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Uncovering Cilia’s Secrets

Cells with and without cilia produced in the lab from stem cells reveal the functional importance of these hair-like structures

21 May 2022

Uncovering Cilia’s Secrets

Almost all animal cells have at least one cilium – a hair-like, membrane-bound organelle that protrudes from the cell surface. It may be singular and immotile, or form part of a large group of cilia that move rhythmically together, such as those on respiratory tract cells that help keep mucus moving. Despite how commonplace cilia are, their functions in many cells remain a mystery, which limits scientists’ understanding of ciliopathies – diseases in which cilia fail to grow or work properly causing severe and life-long symptoms. To figure out cilia’s various roles, scientists have now engineered human stem cells that entirely lack cilia (left). Comparing these cells with normal cilia-possessing cells (right, cilia coloured red) as the two are directed to become whichever cell type the researchers choose, should reveal how specific cell types are affected by cilia loss and potentially guide new ciliopathy treatments.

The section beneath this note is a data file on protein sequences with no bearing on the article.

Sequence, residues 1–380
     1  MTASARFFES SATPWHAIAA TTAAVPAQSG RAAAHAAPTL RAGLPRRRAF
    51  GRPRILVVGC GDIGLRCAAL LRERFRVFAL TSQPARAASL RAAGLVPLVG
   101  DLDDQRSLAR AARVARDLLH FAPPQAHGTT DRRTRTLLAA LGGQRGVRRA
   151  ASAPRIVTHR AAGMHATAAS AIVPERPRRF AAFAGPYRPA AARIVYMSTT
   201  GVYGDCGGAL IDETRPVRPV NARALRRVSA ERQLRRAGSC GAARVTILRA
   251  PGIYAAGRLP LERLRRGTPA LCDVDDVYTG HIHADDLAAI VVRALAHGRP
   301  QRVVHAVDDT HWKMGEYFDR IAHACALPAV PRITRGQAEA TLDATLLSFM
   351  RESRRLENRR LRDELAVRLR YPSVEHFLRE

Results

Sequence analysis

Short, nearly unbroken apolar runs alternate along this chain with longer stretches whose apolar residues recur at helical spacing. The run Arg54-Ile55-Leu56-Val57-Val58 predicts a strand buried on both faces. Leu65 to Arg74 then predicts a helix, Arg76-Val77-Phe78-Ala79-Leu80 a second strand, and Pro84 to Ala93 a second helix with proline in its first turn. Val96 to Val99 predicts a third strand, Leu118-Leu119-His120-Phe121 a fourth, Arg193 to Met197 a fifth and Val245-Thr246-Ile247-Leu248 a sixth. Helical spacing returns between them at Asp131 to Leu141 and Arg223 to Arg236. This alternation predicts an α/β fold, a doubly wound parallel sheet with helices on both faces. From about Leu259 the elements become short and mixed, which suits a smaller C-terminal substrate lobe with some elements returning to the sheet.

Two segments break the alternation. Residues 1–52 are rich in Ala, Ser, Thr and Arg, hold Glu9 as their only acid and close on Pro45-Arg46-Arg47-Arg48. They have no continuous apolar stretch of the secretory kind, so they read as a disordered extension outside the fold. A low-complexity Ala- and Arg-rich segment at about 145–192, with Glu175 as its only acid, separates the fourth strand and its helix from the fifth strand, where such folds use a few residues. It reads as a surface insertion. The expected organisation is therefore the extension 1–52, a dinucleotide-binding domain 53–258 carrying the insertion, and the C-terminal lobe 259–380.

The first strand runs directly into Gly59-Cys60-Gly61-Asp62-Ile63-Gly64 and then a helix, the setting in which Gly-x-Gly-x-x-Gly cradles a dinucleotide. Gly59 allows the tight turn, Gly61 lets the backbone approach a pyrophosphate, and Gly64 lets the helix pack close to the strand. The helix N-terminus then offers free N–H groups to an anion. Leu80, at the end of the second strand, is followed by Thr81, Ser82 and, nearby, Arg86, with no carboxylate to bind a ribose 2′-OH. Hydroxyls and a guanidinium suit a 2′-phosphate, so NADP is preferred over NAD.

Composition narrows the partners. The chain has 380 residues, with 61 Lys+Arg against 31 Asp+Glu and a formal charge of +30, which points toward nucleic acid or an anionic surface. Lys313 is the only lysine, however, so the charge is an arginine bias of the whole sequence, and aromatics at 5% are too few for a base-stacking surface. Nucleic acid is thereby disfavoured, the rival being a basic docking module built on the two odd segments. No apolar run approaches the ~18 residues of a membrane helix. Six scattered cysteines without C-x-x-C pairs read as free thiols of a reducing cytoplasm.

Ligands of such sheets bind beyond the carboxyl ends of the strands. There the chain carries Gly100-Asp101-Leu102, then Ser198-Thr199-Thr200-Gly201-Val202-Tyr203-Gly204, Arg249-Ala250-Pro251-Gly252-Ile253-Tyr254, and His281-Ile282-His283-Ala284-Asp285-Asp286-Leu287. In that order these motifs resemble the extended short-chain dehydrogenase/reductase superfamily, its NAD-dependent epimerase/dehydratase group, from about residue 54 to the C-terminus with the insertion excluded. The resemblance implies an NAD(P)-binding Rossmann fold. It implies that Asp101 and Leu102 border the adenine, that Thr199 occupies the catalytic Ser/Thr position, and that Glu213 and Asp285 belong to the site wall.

Written by Ruth Williams

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BPoD stands for Biomedical Picture of the Day. Managed by the MRC Laboratory of Medical Sciences until Jul 2023, it is now run independently by a dedicated team of scientists and writers. The website aims to engage everyone, young and old, in the wonders of biology, and its influence on medicine. The ever-growing archive of more than 4000 research images documents over a decade of progress. Explore the collection and see what you discover. Images are kindly provided for inclusion on this website through the generosity of scientists across the globe.

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